Recently, a Dr. Phil story about a young lady by the name of Treasure Richards has been circulating the internet.
This young woman claims to be ‘transracial’ and wants to identify as Caucasian. She has disassociated herself from the black community by saying things that are so disgusting that I refuse to give it any attention here. A quick Google or YouTube search will bring up the results if you want to find the story.
While this story has recently been exposed as being fabricated by Treasure’s alleged elder sister, Nina, I think we need to acknowledge and be aware that there are REAL Treasure’s out here and we need to talk about it.
I had a friend back in the day that I’ll call, Nikki.
When Nikki would come over we used to play Disney Princess games on my computer. Nikki would always choose Cinderella because she said she wished she was pretty like Cinderella with her blue eyes and blonde hair.
She would say that she loved going over to her friend, Katy’s, house because they had such a nice, normal family.
She said she thought white celebrities were prettier or more talented than the black ones, and wanted posters of almost all white singers for her walls.
Over out our thirteen year friendship, Nikki’s self hatred would manifest in ways that seemed harmless. Such as admiring white celebrities almost exclusively. To things that were overtly problematic. Such as her calling my Urban Fiction novels, which featured black characters on the front, “Nigger books.” There was also the time she considered having sex with a guy who was a known redneck in our school, whose parents wouldn’t have even wanted her to use the front door, let alone sleep with their son.
The most egregious offense was when she laughed at my natural hair with a random white guy we landed on in chatroulette. Something which, at the time, was a major source of insecurity for me.
For all her faults, I tried to remain understanding. I wanted to keep our friendship going. Nikki was a very sweet, bubbly, generous friend when she wanted to be, but the toxicity of her self-hatred hung over her and our friendship like a storm cloud. Shortly after I went to college, our friendship dissipated.
I recently watched an interview that YouTuber, Tasha K, did with Nina, elder sister of Treasure. In the interview, Nina goes into full depth of her family’s history and where Treasure’s toxic behavior stems from.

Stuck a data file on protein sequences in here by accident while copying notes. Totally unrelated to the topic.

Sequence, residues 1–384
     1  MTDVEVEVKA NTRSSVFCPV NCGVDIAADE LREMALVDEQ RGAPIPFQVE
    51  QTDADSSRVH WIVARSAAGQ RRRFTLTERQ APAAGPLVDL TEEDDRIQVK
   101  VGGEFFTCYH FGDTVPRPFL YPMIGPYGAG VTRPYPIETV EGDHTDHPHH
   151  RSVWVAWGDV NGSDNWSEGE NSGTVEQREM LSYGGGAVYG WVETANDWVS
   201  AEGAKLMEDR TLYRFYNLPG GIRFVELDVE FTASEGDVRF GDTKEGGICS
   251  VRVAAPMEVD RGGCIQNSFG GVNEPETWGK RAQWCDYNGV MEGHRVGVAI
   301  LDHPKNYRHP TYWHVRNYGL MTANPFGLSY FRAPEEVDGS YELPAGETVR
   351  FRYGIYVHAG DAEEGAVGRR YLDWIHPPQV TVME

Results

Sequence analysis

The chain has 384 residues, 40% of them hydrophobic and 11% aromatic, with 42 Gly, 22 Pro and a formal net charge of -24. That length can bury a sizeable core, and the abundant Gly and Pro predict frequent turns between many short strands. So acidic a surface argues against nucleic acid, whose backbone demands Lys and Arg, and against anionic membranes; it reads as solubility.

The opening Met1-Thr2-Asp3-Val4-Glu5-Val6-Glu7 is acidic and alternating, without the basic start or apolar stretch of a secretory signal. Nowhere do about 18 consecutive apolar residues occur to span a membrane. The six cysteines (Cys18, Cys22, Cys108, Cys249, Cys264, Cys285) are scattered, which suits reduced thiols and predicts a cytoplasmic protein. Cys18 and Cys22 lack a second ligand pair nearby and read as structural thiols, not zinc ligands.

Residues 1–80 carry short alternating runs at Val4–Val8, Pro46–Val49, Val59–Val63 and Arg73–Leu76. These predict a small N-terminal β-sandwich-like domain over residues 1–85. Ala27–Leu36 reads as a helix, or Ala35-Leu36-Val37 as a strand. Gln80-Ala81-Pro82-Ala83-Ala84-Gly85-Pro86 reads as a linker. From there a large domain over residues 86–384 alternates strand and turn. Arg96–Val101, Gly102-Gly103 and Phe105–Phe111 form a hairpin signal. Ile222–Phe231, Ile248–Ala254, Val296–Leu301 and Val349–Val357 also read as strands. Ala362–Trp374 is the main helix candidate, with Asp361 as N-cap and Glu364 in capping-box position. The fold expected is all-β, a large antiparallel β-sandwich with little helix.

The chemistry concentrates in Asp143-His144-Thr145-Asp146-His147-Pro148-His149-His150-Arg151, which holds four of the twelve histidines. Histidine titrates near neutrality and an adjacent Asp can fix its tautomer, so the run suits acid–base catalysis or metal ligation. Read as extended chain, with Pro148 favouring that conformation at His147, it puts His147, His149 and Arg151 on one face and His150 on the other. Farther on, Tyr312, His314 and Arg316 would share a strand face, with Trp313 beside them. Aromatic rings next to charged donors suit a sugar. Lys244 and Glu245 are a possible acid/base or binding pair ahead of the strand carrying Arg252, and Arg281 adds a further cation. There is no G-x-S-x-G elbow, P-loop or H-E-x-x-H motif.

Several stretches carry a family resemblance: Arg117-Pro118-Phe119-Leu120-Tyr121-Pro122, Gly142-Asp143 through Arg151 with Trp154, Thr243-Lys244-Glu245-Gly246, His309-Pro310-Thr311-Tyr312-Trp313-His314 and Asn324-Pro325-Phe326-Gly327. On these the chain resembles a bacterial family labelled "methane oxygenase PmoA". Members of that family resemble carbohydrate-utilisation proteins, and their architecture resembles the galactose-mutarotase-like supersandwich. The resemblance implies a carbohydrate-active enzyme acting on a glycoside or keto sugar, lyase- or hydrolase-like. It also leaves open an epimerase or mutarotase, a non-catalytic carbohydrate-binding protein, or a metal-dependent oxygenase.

Needless to say, it all starts at the source. From what I can gather, Nina and Treaure’s mother, Monique, was a troubled woman with a dark history of abuse; a cycle which she continued with her own children.
While listening to this young woman tell her story of a tumultuous childhood of abuse, grief, and trauma, I couldn’t help but think of Nikki and other black children who are products of their environment.
Too many of us in this community can say that we were raised in similar dysfunction, and have had to learn how to deal with childhood traumas, mental illness, and familial issues with little resources and on our own.
The Black American community has always struggled when it comes to coping with our unique traumas and our self image issues. Every decade since the turn of the century it seems, Black expression has evolved and what it means to be Black and proud in America has changed.
With the most recent development of Black pride, being led by Black millennials, it seems that the mental state of the Black community is becoming a growing concern for Black Americans. With this in mind, let’s try to think more critically about people like Treasure. How many of us may know a Treasure, personally? How many of us may struggle or have struggled in the past with our self image and sense of self worth as Black people?
Let’s try to remember that we have a lot of generational trauma to work through and that the walk towards being more mentally and emotionally balanced can begin with us.
Let’s remember to talk to each other, seek professional help, take mental health days, and forgive ourselves.
Let’s remember that our image as Black Americans is not monolithic and it is entirely up to us as a culture and as individuals to determine who we are as a people.